In 1979, John Dykstra, the special photographic effects supervisor on Star Trek: The Motion Picture, was in trouble. His director, Robert Wise, was a man of exceptional creativity, but he didn’t necessarily understand the craft required to bring science fiction concepts to life. When the original photographic effects supervisor, Robert Abel, was fired because Wise bucked against his computer-graphics-driven process, Dykstra was brought on board. Starting nearly from scratch, with half the time to complete production, Dykstra needed access to a strong, immediate vision. Syd Mead was his man.
Mead was given the task of realizing the central threat of the film: V’ger. In the story, the massive space vessel is on a collision trajectory with Earth, and any starship that crosses its path is decimated by a “twelfth-power energy field.” The structure is ridiculously immense, an AI metropolis with a NASA satellite at its core. Mead was also confined in his design due to a gargantuan, six-sided rotating aperture model that had already been built by the previous team and had to be used because money was spent. Mead plopped the space-vent in the middle of his concept and worked outward like spokes on a wheel.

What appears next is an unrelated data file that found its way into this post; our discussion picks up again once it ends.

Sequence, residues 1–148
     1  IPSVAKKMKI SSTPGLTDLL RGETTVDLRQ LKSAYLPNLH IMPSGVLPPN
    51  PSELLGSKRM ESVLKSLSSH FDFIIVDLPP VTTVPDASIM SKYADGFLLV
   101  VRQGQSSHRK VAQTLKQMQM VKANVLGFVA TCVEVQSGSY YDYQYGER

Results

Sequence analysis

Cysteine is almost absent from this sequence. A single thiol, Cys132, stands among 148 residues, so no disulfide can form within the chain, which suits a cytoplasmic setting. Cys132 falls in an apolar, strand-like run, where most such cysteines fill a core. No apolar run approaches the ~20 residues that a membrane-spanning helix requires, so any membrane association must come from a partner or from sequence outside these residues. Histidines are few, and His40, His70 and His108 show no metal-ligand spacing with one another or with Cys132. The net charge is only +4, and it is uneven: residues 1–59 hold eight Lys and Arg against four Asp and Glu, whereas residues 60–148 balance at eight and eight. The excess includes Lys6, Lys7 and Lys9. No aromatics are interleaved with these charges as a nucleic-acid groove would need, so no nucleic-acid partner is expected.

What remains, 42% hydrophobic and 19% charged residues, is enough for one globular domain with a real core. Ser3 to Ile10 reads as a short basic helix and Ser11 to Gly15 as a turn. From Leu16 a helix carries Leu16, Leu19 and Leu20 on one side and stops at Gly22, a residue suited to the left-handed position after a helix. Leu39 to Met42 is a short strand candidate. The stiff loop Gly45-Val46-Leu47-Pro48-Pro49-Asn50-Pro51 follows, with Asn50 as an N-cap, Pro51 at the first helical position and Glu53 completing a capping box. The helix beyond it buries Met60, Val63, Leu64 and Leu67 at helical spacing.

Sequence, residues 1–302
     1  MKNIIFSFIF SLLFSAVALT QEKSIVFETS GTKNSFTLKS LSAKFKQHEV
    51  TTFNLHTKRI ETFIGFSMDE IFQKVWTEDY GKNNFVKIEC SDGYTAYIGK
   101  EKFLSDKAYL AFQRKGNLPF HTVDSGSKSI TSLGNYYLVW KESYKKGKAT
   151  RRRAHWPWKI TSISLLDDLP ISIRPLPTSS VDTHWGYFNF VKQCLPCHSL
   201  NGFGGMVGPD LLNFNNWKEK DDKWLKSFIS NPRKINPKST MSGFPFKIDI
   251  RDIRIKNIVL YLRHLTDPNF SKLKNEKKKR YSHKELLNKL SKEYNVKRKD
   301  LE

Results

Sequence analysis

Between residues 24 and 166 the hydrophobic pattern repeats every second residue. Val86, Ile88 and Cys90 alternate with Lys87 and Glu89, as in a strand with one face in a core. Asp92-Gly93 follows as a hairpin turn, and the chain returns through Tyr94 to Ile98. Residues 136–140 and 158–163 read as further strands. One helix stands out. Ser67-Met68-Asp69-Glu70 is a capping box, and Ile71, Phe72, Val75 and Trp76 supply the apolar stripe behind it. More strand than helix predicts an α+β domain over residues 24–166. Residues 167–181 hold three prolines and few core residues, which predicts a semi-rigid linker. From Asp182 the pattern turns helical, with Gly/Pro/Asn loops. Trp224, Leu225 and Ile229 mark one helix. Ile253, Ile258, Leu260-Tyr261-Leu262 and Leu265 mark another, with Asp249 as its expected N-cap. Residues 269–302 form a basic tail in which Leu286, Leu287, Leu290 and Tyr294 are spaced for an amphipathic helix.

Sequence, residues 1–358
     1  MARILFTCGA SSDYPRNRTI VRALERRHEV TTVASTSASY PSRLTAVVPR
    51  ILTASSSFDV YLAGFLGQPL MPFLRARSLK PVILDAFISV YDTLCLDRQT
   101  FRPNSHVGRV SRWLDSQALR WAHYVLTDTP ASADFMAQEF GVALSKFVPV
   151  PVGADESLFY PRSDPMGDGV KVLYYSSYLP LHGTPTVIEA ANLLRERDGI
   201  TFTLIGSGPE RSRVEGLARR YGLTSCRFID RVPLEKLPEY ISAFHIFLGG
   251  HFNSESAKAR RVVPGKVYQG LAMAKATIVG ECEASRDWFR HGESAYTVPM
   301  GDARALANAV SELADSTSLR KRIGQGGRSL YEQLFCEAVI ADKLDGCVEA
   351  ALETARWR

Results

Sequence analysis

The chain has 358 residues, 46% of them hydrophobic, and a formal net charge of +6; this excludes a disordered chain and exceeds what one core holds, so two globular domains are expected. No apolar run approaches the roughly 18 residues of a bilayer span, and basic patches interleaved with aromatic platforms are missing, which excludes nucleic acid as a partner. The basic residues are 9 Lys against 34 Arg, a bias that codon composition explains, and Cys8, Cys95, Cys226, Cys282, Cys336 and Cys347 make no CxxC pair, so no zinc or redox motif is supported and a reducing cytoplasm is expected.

At the time, Hollywood was just another industry to dominate. Mead was primarily living in Holland during Star Trek‘s production, cranking out blueprints for toasters and video recorders during the day and V’ger sketches by night. He was not a Trekkie, but he was the product of the same optimism that spawned Trekkies. With his foot in the door, other artists recognized his artistic foresight and came calling.
Ridley Scott was next. He was initially brought on board to design only the cars, but when the director saw Mead’s painted backdrops for the Spinners, he demanded that the artist take over the rest of Blade Runner‘s aesthetic. The city came out of the sleek yet sharp cut of the vehicles. As he did with the cars, Mead operated through the process of retrofitting, building bobs and whistles atop designs until they appeared functional.